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UK railways to save billions of pounds through digital signalling

Network Rail hails digital transformation plans as “a turning point in the history of our railways”

By the 2030s, almost three-quarters of UK train journeys will be controlled by automatic signalling under a project to use digital technology to replace analogue systems, saving billions of pounds.

According to Network Rail, digital signalling technology will help increase the number of trains running without having to embark on highly expensive railway infrastructure projects that take many years, such as those for Thameslink and Crossrail.

Network Rail said more than half of the country’s analogue signalling systems would need to be replaced over the next 15 years, and that a like-for-like update would cost £20bn, with no real benefit for customers.

UK train passenger numbers have doubled over the past 20 years and the railway infrastructure, which largely dates from Victorian times, is struggling to cope.

Network Rail said that by the 2030s, 70% of journeys will benefit from digital technologies on trains and tracks that will automate signals, allowing more trains to be run closer together.

Mark Carne, CEO of Network Rail, said the opportunity to transform the UK’s railways through the latest IT is the biggest opportunity since trains changed from steam to diesel in the 1960s.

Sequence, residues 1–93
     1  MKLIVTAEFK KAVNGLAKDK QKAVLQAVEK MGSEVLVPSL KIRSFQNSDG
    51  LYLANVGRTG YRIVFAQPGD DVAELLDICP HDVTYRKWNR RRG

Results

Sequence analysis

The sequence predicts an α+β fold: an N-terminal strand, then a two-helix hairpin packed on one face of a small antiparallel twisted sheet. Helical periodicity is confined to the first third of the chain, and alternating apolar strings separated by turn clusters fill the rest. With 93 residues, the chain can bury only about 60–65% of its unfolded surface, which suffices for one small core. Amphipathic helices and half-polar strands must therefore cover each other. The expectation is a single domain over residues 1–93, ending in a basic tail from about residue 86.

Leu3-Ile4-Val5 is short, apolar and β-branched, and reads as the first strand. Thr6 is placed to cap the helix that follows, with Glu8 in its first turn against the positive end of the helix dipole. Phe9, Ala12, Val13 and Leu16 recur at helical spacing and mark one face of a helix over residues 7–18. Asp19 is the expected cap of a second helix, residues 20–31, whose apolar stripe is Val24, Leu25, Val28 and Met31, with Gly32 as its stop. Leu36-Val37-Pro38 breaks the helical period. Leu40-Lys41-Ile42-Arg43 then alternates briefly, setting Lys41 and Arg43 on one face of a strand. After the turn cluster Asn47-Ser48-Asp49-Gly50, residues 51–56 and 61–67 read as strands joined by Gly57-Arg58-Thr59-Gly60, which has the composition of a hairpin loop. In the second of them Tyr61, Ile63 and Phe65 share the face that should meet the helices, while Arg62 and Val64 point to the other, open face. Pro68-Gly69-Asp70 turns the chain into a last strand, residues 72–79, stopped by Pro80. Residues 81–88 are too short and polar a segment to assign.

“The age of a digital railway has today moved from the drawing board and into reality as we reveal a blueprint that will improve the lives of millions of passengers and freight users across the country,” he said. “Today’s commitment is to adopt and roll out new digital technology, for both trains and track, that will deliver faster, more frequent services for passengers and businesses alike, giving our economy a massive boost.”

Read more about the use of technology by Network Rail

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  • Digital-by-default railway infrastructure operator Network Rail is building a cloud-based archive to protect the organisation’s data assets for future use.
  • The man in charge of the IT supporting the UK’s largest critical infrastructure project – the redevelopment of London Bridge station – tells Computer Weekly about life in a portacabin.

The first services to use the new technology will be those that go through London Bridge, into London King’s Cross, Waterloo, and across the Pennines. The technology will be introduced over the next five years.

“In a world first, digital train control with ‘fly-by-wire’ trains [automatic operation] – coupled with smart infrastructure – is now a reality on Thameslink services through London Bridge,” said Carne. “We now have a plan, impetus and the funding to introduce these systems across large swathes of our railway network over the coming years.

“This is a turning point in the history of our railways as we move firmly into the digital age.”

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